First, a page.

Isaiah Haastrup's Christian Parents Condemn 'Corrupt' Doctors, Hospital That 'Killed' Their Baby

(Screenshot: Facebook/Olanrewaju Haastrup)Isaiah Haastrup in a Facebook video uploaded on January 5, 2018.

The Christian parents of baby Isaiah Haastrup, who suffered damage to his brain and died Wednesday after doctors removed him from life support, have said that although their faith calls them to forgive, they want people to know about the "corrupt" doctors and legal system in the U.K. they say "killed" their son.

"Isaiah my son, they caused your injuries, lied about your symptoms, removed the ventilator after a year abruptly and yet you breathed for seven hours on your own. I know you would have survived if the doctors had acted in good faith but they did not," the boy's father, Olanrewaju Haastrup, wrote in a Facebook post Thursday. 

"They killed you to cover their negligence and your care would have cost them too much money. I am proud to have been your father and I'm sorry I couldn't protect you. I am proud of you son," he added.

In a separate post he continued: "The corrupt doctors told the court he could not live beyond a few minutes without ventilator; which formed the basis of the court judgement. Evidently, nothing could be further from the truth. Our view that he could be weaned off the ventilator did not matter, only the doctors. Isaiah proved the doctors wrong and his parents right.

"Shame on the judge, legal system and the hospital. Our faith prohibits holding anger in our hearts therefore we forgive but we will not forget this injustice."

The family lost a last-resort appeal to the European court of human rights on Tuesday to keep the 12-month-old boy on life-support, The Guardian reported, leaving him only on palliative care after the extubation.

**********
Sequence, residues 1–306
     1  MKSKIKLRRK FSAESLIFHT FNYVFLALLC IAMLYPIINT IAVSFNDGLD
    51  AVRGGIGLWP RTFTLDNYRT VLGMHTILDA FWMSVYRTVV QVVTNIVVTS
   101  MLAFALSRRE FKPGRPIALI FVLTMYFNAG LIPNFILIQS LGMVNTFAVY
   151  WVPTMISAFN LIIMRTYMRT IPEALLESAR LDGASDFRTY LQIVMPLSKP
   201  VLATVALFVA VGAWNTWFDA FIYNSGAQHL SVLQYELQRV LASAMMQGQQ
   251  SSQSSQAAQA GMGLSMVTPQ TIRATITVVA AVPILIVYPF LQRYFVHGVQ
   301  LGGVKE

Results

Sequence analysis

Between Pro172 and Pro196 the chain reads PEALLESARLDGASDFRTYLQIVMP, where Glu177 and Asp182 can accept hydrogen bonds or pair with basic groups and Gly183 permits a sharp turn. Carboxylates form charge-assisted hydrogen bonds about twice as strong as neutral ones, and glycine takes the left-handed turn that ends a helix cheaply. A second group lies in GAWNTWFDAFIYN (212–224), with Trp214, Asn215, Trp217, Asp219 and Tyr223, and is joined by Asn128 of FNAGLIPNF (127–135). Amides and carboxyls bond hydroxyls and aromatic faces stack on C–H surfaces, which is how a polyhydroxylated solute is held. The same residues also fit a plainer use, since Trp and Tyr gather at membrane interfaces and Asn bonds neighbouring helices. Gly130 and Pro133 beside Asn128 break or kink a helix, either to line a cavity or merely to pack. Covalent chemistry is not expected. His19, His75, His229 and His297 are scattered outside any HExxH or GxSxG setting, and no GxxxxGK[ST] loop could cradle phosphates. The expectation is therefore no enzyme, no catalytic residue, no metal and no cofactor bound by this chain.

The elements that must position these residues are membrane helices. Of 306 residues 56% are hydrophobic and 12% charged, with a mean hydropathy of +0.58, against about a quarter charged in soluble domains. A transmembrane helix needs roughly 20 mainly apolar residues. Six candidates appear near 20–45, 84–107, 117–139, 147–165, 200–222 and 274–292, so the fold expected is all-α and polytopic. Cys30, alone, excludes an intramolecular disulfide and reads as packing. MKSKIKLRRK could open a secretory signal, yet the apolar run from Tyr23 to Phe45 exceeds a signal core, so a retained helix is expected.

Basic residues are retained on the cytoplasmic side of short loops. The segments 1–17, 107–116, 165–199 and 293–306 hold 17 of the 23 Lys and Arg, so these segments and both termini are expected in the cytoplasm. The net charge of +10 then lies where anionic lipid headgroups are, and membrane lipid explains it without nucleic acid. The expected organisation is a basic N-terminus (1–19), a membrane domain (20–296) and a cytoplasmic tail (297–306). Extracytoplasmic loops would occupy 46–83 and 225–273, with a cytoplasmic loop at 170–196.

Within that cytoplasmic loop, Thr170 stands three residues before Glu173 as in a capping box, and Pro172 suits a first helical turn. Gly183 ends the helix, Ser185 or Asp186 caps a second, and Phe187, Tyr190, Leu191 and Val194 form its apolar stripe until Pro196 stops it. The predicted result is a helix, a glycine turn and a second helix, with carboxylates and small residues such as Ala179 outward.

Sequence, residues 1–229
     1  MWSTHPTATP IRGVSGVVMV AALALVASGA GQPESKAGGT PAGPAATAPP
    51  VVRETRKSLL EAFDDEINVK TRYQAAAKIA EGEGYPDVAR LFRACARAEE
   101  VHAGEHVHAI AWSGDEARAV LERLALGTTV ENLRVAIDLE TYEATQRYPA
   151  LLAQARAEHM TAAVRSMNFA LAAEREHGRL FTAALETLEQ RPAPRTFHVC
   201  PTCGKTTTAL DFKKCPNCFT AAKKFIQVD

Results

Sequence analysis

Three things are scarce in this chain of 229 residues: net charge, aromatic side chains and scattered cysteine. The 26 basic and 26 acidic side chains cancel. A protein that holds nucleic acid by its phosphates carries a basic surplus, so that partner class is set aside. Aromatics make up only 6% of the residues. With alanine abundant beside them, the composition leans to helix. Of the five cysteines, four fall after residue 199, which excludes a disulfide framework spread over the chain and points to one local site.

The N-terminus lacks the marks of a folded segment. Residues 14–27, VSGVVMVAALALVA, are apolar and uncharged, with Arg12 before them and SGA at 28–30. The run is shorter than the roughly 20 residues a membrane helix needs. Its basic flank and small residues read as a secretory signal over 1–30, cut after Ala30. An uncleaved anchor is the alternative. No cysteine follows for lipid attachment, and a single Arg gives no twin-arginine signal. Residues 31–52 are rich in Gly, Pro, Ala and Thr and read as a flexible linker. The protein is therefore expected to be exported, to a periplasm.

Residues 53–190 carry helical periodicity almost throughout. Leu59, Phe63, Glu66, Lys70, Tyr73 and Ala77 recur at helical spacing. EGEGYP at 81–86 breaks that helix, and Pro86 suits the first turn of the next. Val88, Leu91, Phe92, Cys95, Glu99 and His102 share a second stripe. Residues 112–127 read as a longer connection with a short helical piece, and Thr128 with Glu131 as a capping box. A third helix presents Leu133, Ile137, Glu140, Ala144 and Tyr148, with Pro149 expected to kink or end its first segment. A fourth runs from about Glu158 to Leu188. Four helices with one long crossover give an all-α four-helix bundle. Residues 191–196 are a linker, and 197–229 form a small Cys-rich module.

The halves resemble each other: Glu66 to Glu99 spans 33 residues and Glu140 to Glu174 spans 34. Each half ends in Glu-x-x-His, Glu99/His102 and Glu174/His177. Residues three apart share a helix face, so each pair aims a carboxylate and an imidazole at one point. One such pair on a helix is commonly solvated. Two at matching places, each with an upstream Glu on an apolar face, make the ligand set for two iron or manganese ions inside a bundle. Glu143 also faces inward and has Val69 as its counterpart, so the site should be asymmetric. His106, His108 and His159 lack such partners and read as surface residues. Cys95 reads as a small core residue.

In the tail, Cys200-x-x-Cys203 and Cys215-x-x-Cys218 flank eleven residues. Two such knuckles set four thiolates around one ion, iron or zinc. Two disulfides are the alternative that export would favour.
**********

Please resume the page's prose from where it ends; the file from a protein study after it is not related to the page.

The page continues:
Despite the parents insisting for King's College Hospital in London to continue treating their child, challenging doctors' prognosis that he has no hope of improvement, a high court judge ruled in late January that withdrawing treatment was in Isaiah's best interest.

The boy had suffered catastrophic brain damage after being deprived of oxygen at birth. Medical experts concluded he could not move or breathe independently, and that he had profoundly depressed consciousness.

"Isaiah Haastrup suffered an irreversible brain injury following a rare and life-threatening obstetric emergency during his mother's labor. Since birth he had been fully dependent on life support with no prospect of improvement, and throughout we actively sought to engage and involve Isaiah's parents in his care," a spokesman for the hospital said.

The spokesman continued: "The best interests of our patients must always come first. The trust always provided Isaiah with the very best care, and the decision to apply to the court to withdraw treatment was only made after careful consideration and after consultation with the family.

"In Isaiah's case, the high court ruled that overwhelming expert and independent medical opinion supported the declaration sought that withdrawing treatment was in his best interests.

"Subsequently, neither the court of appeal or the European court of human rights reversed the original decision of the high court."

Isaiah's mother, Takesha Thomas, told BBC News that her son had "a little cheekiness about him, which I will miss."

"But right now all I can feel is just pure anger. All I know is justice wasn't served — at all," she added.

On Friday morning Haastrup shared his gratitude for all the people who have supported the family throughout the tragedy.

"You gave us strength with your well wishes messages. You have all rekindled our hopes in humanity. Although we seldom felt we were alone but when I open Facebook and read all your messages it provides impetus to continue the fight against this corrupt system," he wrote on Facebook.

The grieving father thanked God for his Facebook friends who fought the battle with them.

"We will now attempt to assist others facing similar plight. The killings must stop! As for Kings College Hospital we hope they change and provide better care for patients and treat parents in the future better," he urged.

"Hatred begets hatred and only love begets love. I know Isaiah would prefer the latter."

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